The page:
SCOTUS rules on K-9 sniffs ...now what?
Court's ruling in Florida v. Jardines means that the use of a drug dog to develop probable cause to obtain a warrant is not permissible in the home context
Please don’t shoot the messenger. Yesterday, the Supreme Court issued its decision in the case of Florida v. Jardines, which had called into question the use of a drug-sniffing police K-9 in the area surrounding a person’s home — commonly called “curtilage.”
Several SCOTUS decisions had previously held that a “sniff is not a search” when a detector dog sniffs the exterior of luggage or a vehicle, but in Jardines, the Court was faced with the question of whether or not the presence of a K-9 named “Franky” on Joelis Jardines’ front porch violated his legitimate expectation of privacy.
In what most law enforcement officials consider a major setback, the Court sided with Jardines.
What Does the Ruling Mean?
The comments posted beneath yesterday’s AP news piece were many and varied, and it was almost immediately apparent that there was some confusion about the implications of the decision.
Justice Antonin Scalia wrote in the majority opinion that “The government’s use of trained police dogs to investigate the home and its immediate surroundings is a ‘search’ within the meaning of the Fourth Amendment.”
“I disagree with this ruling,” said one PoliceOne Member, “But it has been made. Now what?”
PoliceOne Legal Columnist Joanne Eldridge explained that the facts (as they appear in the appellate record) suggest that what the police had at the time of the dog’s use was:
1.) An unverified tip about growing marijuana that was one month old, and
2.) No observed vehicles or activity based on a brief surveillance of the home.
“The warrant to search the home was obtained after the dog’s alert,” Edridge said, which served as a basis to establish probable cause.
“It seems clear that, without the dog’s alert, obtaining a warrant to search for drugs at that time was unlikely,” she added.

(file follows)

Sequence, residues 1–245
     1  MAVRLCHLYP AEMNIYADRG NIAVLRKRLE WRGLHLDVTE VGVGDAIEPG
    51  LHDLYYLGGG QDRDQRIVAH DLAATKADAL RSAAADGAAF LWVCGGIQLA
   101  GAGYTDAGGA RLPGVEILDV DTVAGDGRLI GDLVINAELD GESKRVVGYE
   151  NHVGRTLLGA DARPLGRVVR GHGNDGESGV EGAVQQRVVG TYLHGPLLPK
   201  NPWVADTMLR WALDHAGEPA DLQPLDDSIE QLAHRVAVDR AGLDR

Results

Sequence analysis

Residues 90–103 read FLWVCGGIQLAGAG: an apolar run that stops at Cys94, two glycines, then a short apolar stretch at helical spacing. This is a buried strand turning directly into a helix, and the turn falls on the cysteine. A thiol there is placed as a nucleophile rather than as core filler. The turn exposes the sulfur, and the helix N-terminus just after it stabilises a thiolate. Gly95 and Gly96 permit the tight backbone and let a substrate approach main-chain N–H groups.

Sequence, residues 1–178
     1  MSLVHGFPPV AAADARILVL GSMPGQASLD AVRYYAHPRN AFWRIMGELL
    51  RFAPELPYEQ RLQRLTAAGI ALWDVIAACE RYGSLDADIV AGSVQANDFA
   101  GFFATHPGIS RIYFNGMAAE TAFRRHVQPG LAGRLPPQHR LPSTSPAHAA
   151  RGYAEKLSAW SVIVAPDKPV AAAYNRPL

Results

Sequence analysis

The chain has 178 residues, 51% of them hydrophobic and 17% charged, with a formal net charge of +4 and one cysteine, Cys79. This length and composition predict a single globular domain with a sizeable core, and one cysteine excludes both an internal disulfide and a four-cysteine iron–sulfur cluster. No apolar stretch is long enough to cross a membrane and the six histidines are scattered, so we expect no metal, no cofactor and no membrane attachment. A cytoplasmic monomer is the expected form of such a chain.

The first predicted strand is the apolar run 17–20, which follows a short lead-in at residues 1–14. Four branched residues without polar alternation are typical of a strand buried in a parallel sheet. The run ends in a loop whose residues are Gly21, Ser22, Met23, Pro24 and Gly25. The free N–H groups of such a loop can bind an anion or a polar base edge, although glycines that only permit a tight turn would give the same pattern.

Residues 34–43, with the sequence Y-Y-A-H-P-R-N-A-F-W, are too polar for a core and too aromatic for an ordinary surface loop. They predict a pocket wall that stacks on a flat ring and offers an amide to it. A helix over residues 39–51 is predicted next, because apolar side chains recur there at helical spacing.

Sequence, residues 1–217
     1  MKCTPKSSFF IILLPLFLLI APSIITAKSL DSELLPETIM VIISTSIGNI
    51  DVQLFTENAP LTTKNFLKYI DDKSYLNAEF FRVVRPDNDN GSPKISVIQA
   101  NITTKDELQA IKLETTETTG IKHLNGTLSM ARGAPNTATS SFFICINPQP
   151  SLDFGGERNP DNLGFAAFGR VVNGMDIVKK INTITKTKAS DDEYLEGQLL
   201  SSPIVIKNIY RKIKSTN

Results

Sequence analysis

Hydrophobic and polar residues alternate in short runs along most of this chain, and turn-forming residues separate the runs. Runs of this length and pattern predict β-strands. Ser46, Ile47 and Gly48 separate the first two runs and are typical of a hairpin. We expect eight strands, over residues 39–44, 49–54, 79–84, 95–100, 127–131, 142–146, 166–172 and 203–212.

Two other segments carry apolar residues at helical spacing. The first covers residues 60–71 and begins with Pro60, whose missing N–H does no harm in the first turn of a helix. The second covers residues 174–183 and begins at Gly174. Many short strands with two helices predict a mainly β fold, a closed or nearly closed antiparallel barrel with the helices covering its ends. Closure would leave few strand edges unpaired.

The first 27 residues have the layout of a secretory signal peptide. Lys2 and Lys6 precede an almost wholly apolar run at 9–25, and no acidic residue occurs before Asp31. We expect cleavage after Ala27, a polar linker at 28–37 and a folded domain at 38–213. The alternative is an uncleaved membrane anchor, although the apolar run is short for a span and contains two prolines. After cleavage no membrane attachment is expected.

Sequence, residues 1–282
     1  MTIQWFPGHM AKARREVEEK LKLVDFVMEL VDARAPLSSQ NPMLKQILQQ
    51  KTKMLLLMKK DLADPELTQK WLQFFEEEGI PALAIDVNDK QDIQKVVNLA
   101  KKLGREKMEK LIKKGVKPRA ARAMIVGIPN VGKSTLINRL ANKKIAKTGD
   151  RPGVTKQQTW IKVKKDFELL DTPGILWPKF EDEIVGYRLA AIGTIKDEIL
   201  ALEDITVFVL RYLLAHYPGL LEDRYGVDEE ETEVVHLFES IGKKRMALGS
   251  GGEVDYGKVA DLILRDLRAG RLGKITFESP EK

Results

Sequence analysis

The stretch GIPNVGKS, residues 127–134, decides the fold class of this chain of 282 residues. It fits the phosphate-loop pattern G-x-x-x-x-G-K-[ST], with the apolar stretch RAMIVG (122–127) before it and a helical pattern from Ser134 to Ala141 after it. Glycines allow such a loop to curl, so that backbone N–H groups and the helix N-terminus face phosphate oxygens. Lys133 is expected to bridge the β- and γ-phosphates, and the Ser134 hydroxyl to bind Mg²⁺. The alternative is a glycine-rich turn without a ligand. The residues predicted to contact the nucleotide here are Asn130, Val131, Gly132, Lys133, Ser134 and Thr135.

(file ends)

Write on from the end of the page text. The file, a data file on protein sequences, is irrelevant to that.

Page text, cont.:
The “sniff” at issue occurred on the front porch of Jardines’ house, and the Court noted that the front porch has long been considered an area to which the activity of home life extends.
“That the officers learned what they learned only by physically intruding on Jardines’ property to gather evidence is enough to establish that a search occurred,” the Court stated.
Eldridge explained, “The Court’s holding means that the use of a drug dog to develop probable cause to obtain a warrant is not permissible in the home context. A warrant would need to be obtained before the dog could be used to conduct a search.”
Mere moments after the decision had been rendered, PoliceOne Legal Columnist Terry Dwyer said, “I haven’t read the full decision yet, but I’m not surprised by the result in light of the prior Court statement with regard to curtilage — the area around one’s home in which the reasonable expectation of privacy in the home extends.”
Dwyer pointed out that the factors in considering the extent of curtilage were laid out in U.S. v. Dunn in 1987.
“The dog sniff on the property is an intrusion onto Constitutionally-protected space,” Dwyer said. “It would be a different situation if the same evidence could have been obtained outside the curtilage — then it’d be admissible — but here, there was an entry onto private property.”
Dwyer continued, “Justice Scalia’s writing the majority opinion — and siding as he did with the Florida Supreme Court — is not surprising in light of his 2001 opinion in Kyllo v. U.S. in which he also upheld the privacy of the home, and more recently in U.S. v. Jones in which he relied on the common law trespass test to find a Fourth Amendment violation in the placement of a GPS device on a vehicle without a valid warrant.”
In examining the Jardines case, the Court framed its inquiry in terms of whether the police intrusion was licensed or unlicensed — that is, whether they had either Jardines’ permission or the implicit license of visitors who may lawfully approach someone’s home.
Such visitors would be people like mail carriers, solicitors, Girl Scouts, Jehovah’s Witnesses, trick-or-treaters, or other similarly-situated strangers.
“Custom allows such approaches,” Eldridge explained. “What custom does not permit — and citizens do not implicitly consent to — is what the Court described as introducing a trained police dog to explore the area around the front door.”
Eldridge then quoted the Court directly, saying, “Here, the background social norms that invite a visitor to the front door do not invite him there to conduct a search.”
Last month, a unanimous Court struck down Florida’s effort to place strict regulations on the certifications and record-keeping of police drug dogs. In Florida v. Harris, the Court upheld a finding of probable cause in a warrantless vehicle search conducted after a drug dog’s alert.
Although the use of drug-sniffing dogs was approved in Harris, the Court’s holding in Jardines imposes a requirement that the police have probable cause to conduct a search before employing a dog in a search of the home or its curtilage.
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